Most wooden power poles in use today will have power pole tags on them around five or six feet above the ground. These tags offer valuable information to the workers that maintain the poles and are critical to keeping a record or history of the power pole.
There are many different power pole tags in use by various utilities. Some contain specific information about the pole. The owner of the pole, when and where it was made, and what it was made from are all stamped on the power pole tags. Additionally, most manufacturers also indicate the treatment used on the wood for easy reference by the utility.
The information is stamped into an aluminum tag that is nailed to the power pole. Aluminum is used because it is soft enough to stamp easily, and it is corrosion and weather-resistant, so it can stand up to just about any weather conditions and remain on the pole.
Additional tags can be added to a pole as utilities are added, containing information about what is on that specific pole. If the pole owner leases space on the pole to another utility, there may be multiple tags on it to indicate how the pole is being used.
Keeping track of the utility poles in a system and maintaining or replacing them is critical to ensuring they are in good condition. Installing power pole tags on each power pole that indicates when it was produced and installed makes it easy for the utility company to check the age and condition of the poles in their system.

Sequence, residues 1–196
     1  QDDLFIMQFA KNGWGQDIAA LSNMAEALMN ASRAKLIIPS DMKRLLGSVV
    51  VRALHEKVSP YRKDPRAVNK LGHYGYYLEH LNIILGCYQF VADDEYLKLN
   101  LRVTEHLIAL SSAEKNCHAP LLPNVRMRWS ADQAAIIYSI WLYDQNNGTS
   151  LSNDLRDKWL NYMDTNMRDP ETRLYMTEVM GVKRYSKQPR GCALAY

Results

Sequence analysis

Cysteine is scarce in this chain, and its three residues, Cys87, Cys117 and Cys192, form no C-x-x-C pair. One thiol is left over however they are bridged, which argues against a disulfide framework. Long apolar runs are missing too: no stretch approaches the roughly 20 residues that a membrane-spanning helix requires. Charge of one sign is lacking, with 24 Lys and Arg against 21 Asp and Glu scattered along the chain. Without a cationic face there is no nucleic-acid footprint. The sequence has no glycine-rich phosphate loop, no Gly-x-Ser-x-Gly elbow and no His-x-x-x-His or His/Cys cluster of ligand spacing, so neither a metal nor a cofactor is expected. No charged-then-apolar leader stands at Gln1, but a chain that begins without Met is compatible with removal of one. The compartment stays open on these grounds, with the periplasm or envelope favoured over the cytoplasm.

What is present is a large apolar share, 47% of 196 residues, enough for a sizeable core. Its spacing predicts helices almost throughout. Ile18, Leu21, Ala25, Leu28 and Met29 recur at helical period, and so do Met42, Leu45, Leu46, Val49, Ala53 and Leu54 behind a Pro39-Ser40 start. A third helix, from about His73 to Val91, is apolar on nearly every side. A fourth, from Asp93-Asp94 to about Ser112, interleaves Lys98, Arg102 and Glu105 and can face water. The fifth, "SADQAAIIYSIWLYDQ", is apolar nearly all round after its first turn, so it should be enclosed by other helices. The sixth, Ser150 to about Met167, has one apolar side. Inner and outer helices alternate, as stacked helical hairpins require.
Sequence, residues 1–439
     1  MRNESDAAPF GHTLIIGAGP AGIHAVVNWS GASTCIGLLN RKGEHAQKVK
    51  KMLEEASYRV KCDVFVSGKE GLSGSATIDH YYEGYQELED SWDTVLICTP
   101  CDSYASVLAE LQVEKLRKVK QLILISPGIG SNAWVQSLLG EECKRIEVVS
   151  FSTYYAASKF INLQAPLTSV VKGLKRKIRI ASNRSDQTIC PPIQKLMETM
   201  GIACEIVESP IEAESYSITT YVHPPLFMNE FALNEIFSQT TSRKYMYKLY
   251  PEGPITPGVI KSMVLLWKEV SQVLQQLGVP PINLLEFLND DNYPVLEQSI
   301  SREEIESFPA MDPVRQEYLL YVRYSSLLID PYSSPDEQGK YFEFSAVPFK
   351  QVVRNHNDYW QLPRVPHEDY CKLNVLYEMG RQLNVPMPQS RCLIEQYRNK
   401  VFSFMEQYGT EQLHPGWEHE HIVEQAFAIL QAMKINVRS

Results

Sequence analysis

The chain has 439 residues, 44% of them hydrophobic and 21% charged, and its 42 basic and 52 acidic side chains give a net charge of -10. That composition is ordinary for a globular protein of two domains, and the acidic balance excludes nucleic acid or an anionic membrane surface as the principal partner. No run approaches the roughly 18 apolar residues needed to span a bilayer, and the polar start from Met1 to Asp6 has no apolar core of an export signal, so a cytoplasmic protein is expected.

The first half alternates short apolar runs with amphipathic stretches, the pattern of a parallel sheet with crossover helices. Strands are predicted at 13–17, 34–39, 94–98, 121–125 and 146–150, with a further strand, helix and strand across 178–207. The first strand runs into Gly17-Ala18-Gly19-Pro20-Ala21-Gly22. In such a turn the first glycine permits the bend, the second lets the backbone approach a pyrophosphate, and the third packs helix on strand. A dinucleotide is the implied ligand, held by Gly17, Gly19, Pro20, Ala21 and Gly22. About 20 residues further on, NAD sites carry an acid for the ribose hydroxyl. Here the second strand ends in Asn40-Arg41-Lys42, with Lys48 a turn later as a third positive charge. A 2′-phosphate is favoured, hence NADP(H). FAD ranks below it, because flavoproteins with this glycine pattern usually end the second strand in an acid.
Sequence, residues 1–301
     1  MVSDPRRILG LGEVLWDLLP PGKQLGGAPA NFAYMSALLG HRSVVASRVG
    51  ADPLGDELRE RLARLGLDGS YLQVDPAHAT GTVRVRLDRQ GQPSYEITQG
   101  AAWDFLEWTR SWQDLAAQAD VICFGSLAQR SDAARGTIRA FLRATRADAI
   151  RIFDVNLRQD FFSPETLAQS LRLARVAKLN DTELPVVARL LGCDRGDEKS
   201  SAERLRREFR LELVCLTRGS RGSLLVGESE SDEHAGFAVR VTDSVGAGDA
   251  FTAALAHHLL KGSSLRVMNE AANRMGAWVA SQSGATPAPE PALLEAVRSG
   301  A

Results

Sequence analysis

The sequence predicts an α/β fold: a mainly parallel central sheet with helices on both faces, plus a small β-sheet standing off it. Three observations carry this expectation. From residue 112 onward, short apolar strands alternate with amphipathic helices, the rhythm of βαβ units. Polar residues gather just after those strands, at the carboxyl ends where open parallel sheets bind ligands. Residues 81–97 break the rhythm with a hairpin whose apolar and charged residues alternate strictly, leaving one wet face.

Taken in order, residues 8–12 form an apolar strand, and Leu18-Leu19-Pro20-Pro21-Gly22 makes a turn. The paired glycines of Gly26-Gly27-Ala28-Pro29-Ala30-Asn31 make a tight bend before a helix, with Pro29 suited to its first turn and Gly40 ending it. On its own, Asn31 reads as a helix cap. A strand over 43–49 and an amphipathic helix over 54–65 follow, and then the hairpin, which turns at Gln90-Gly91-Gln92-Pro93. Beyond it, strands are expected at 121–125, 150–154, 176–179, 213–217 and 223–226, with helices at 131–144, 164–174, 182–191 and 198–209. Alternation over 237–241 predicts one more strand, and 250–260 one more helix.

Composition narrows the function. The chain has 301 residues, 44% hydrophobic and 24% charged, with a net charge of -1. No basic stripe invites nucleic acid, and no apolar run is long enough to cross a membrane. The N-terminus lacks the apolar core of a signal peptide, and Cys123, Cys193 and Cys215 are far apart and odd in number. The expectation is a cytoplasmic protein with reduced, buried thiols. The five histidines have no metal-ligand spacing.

The pole inspector can also determine what material was used, and what the wood was treated with. This information can help the inspector determine if the pole is nearing the end of its life and will need replacing soon. Most utility companies will set a lifespan for a pole, and in large utility systems, the tags on the poles are often the most accurate record of the pole's age.
Buying Pole Tags
Power pole tags are available from suppliers that make them in batches for the utility company. If the utility company is replacing a hundred poles in a year, they may order tags for those poles, printed with the information for that specific time frame.
When making the poles, the utility company that owns them will tag them as they come out of the plant. This helps to ensure that the information for each pole is accurate before it is used. Each utility company that shares space on the pole will have its own tags, but the manufacture's tag is always the most critical one, and it will stay on the pole until the day it is removed from service.
Contact a company that has power pole tags for sale for more information.Share